Pennsylvania Health Secretary Dr. Rachel Levine speaks during a virtual news briefing on Thursday, Dec. 17, 2020.
Pennsylvania Health Secretary Dr. Rachel Levine speaks during a virtual news briefing on Thursday, Dec. 17, 2020.

The Covid-19 vaccine should arrive in Lancaster County by Friday morning, according to Health Secretary Dr. Rachel Levine.

So far, 16 hospitals in Pennsylvania have received their first shipment of the Pfizer vaccine, and as of noon they had administered 1,205 doses, Levine said during a virtual news briefing Thursday.

The remaining 71 facilities targeted for shipments — a number that includes Lancaster General Hospital, WellSpan Ephrata Community Hospital and UPMC Pinnacle Lititz Hospital — should receive them within the next 24 hours, the health secretary said.

The vaccine is being distributed in trays of 975 doses. Pennsylvania's initial allotment was 100 trays, or 97,500 doses.

The numbers exclude Philadelphia, which is receiving vaccine shipments separately.

It appears some vials contain enough vaccine for a sixth or seventh dose. That's good news, Levine said: It means more people can be vaccinated.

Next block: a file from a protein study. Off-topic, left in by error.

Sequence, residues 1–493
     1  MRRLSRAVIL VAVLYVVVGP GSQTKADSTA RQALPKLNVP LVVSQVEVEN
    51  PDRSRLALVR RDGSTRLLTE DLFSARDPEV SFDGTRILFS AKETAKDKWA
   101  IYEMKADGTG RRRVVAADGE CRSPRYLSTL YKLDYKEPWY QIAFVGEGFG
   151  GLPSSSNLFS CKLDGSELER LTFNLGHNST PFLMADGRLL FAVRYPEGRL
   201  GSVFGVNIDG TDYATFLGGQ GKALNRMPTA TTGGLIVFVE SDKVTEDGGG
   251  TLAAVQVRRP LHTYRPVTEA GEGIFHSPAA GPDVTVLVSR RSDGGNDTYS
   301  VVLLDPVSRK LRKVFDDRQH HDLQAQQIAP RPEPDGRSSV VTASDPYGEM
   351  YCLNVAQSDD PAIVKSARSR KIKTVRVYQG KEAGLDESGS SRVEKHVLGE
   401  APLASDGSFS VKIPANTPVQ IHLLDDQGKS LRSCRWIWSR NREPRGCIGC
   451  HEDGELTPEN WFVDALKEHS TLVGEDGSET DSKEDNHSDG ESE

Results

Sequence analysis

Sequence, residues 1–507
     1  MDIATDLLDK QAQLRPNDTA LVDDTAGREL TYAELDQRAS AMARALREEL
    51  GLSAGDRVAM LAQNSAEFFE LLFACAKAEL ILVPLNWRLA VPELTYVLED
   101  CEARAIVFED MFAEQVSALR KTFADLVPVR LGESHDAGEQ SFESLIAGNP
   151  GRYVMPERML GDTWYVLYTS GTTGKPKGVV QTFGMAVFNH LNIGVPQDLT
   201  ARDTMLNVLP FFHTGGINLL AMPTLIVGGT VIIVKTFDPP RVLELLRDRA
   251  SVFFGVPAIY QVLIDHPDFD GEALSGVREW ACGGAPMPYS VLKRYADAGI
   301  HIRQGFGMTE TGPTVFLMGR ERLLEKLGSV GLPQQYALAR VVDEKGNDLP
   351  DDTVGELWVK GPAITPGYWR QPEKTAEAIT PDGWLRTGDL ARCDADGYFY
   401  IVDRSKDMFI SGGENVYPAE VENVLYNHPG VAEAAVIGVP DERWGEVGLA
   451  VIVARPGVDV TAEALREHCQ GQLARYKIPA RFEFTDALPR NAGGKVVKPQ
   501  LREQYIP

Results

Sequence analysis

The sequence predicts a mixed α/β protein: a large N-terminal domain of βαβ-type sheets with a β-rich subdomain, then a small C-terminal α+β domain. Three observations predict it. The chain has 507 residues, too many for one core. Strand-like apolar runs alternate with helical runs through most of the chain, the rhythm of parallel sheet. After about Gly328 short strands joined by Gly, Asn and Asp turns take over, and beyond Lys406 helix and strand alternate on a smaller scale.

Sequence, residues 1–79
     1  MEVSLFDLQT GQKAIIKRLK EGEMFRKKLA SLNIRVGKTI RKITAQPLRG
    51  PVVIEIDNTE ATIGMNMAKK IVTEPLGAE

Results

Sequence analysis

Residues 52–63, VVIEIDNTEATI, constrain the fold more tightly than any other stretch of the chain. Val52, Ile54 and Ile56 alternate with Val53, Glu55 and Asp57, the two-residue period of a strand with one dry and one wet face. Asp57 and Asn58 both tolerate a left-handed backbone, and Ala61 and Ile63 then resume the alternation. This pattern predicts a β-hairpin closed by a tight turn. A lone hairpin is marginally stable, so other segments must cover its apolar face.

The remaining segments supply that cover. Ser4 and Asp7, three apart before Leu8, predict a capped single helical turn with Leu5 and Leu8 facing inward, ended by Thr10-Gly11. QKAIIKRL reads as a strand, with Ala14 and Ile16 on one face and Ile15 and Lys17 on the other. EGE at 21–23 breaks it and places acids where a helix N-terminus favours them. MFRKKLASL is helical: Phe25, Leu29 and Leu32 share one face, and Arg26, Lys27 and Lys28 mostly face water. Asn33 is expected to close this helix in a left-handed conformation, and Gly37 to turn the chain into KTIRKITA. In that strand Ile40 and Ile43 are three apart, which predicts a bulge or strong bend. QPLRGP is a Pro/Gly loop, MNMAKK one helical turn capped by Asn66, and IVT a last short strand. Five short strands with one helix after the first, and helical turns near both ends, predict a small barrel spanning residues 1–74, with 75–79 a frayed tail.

Heath care workers at high risk for Covid-19 exposure are receiving the first doses. As more vaccine becomes available, more hospital workers will be inoculated along with staff and patients in congregate settings such as nursing homes.

Nursing home vaccinations are slated to begin Monday, Dec. 28, Levine said.

"Things are moving smoothly," the health secretary said, and this week's snowstorm did not disrupt distribution.

Through Wednesday, 16 Pennsylvania hospitals outside Philadelphia had received Covid-19 vaccines. Another 71 deliveris are pending, including three in Lancaster County. (Source: Pa. Dept. of Health)
Through Wednesday, 16 Pennsylvania hospitals outside Philadelphia had received Covid-19 vaccines. Another 71 deliveris are pending, including three in Lancaster County. (Source: Pa. Dept. of Health)

Another piece of good news: A second vaccine, developed by Moderna, appears to be on the verge of federal approval. It does not require the extreme cold storage that the Pfizer vaccine does, which will make it easier to distribute to rural health care facilities.

Still, the rollout has only begun, and it will be months before the general public can begin getting the shots, Levine said. In the meantime, it's essential to follow the health measures that officials have been emphasizing: Wear a mask, wash your hands, practice social distancing and avoid gatherings.

Asked about restaurants defying Gov. Tom Wolf's order against in-person dining, Levine said they're putting their staff, customers and the broader community at risk. The evidence that restaurant settings are sources of community spread is "robust," she said.

Levine said that rather than getting frustrated by public resistance to following health guidance, she uses it "as further motivation to continue to try to get the message out."

Tim Stuhldreher